Posted on April 6, 2010 by admin

In doing a great deal of work with the marketing department at Steam Whistle, I am always astounded at all the wonderful events and causes we sponsor. Never has work and pleasure been mixed so perfectly than a couple of weeks ago. We sponsored the premiere of Keep Your Head Up, Kid: The Don Cherry Story. I was fortunate enough to be sent to the CBC building, armed with 100 liters of beer, to set up a bar for the approximately 150 guests of the premiere. Everyone was buzzing around, and the excitement was palpable. It was my first time in the Hockey Night in Canada studios that I see every week on TV. On my way out I was able to catch a glimpse of “Grapes” himself, in the midst of a throng of media.

I was also fortunate enough to be invited to the event where I realized a dream of mine. Ask most beer drinkers and they will have a list of people that they would like to have a beer with. Don Cherry is one of the most popular choices, and he was on my list! Love him or hate him (there aren’t many who are indifferent!) the man is an icon. A wealth of stories from a life in hockey, I would have been happy just to shake his hand! When he arrived I was touched by how approachable he was. He posed for pictures with all the kids, tousling their hair and asking them if they played hockey. I approached him for a photo, which he was gracious enough to pose for. Then disaster struck! My camera stopped working! Fortunately my girlfriend came to the rescue with her camera phone, so there is evidence, if a little blurry, of this meeting. I gave Mr. Cherry a Steam Whistle hockey jersey that he was very enthusiastic to receive. He declined a beer, but enjoyed seeing me slam one back. And at 76 years of age the man still has an iron handshake.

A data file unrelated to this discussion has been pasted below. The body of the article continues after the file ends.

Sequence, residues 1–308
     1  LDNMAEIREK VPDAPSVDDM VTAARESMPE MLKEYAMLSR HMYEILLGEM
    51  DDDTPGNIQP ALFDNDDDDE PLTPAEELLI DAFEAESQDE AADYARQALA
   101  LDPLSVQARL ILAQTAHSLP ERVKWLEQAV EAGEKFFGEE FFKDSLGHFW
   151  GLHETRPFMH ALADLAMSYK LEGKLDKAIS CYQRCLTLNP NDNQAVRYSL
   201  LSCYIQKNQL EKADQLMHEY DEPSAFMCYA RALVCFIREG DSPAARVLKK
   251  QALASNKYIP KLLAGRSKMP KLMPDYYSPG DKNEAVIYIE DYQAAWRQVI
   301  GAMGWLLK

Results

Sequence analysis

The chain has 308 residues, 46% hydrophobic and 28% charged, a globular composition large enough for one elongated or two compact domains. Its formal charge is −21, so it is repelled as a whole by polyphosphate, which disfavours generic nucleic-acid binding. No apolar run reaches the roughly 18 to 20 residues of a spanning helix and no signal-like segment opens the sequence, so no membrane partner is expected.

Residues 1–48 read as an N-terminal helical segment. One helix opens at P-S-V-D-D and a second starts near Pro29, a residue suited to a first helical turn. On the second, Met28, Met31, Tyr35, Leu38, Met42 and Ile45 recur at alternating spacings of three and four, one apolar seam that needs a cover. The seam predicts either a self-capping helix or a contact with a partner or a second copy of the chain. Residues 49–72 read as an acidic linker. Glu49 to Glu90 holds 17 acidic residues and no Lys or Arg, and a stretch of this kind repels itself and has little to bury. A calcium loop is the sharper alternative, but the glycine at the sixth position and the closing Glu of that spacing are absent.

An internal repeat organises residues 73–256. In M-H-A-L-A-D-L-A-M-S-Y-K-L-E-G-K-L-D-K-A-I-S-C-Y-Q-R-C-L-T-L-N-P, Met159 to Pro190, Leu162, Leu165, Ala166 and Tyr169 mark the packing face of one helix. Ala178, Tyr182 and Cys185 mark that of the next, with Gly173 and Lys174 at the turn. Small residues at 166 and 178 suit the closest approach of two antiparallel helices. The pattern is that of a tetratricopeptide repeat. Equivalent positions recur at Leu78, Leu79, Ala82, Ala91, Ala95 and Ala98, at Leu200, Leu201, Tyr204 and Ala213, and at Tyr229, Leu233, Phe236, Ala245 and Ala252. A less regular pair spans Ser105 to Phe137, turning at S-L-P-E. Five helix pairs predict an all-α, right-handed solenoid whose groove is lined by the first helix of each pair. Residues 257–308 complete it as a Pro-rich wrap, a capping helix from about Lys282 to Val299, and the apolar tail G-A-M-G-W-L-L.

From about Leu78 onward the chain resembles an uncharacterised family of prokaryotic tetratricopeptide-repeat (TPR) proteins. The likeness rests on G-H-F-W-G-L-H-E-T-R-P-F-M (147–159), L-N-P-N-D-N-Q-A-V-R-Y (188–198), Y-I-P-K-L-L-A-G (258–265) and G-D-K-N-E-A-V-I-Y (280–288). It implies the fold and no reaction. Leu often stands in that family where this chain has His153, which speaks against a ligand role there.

Ben Taylor and Don Cherry

Ben Taylor and Don Cherry

It was encouraging to see the excitement on everyone’s faces. I looked around and saw a Steam Whistle in almost every hand. The cast and crew were present, including Don’s son Tim Cherry, who wrote the film. It is a touching, honest portrayal of the difficult life of a minor league hockey player and the balance between hockey and family. And it is essentially a love story, between Don and his late wife Rose.

The film itself is wonderfully done, and very Canadian. The hockey scenes are masterfully filmed. It can been seen here.